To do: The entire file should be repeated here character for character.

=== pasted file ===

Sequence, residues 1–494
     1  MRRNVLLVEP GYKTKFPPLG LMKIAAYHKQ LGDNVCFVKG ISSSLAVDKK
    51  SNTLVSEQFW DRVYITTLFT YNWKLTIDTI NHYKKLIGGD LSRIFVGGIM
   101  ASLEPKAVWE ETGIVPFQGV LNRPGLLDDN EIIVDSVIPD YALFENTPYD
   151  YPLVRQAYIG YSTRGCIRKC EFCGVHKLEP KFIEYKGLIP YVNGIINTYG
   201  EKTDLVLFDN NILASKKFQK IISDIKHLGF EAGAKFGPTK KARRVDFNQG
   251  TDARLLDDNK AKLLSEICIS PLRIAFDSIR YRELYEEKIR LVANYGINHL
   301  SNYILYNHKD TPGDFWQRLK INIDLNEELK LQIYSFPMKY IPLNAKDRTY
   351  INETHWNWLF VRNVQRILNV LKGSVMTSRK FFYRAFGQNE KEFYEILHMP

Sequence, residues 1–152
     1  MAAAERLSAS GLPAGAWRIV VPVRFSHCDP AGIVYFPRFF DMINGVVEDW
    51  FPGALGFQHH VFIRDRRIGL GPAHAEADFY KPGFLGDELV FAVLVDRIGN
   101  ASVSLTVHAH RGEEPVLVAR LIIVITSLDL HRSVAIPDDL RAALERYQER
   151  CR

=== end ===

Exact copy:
Sequence, residues 1–494
     1  MRRNVLLVEP GYKTKFPPLG LMKIAAYHKQ LGDNVCFVKG ISSSLAVDKK
    51  SNTLVSEQFW DRVYITTLFT YNWKLTIDTI NHYKKLIGGD LSRIFVGGIM
   101  ASLEPKAVWE ETGIVPFQGV LNRPGLLDDN EIIVDSVIPD YALFENTPYD
   151  YPLVRQAYIG YSTRGCIRKC EFCGVHKLEP KFIEYKGLIP YVNGIINTYG
   201  EKTDLVLFDN NILASKKFQK IISDIKHLGF EAGAKFGPTK KARRVDFNQG
   251  TDARLLDDNK AKLLSEICIS PLRIAFDSIR YRELYEEKIR LVANYGINHL
   301  SNYILYNHKD TPGDFWQRLK INIDLNEELK LQIYSFPMKY IPLNAKDRTY
   351  INETHWNWLF VRNVQRILNV LKGSVMTSRK FFYRAFGQNE KEFYEILHMP

Sequence, residues 1–152
     1  MAAAERLSAS GLPAGAWRIV VPVRFSHCDP AGIVYFPRFF DMINGVVEDW
    51  FPGALGFQHH VFIRDRRIGL GPAHAEADFY KPGFLGDELV FAVLVDRIGN
   101  ASVSLTVHAH RGEEPVLVAR LIIVITSLDL HRSVAIPDDL RAALERYQER
   151  CR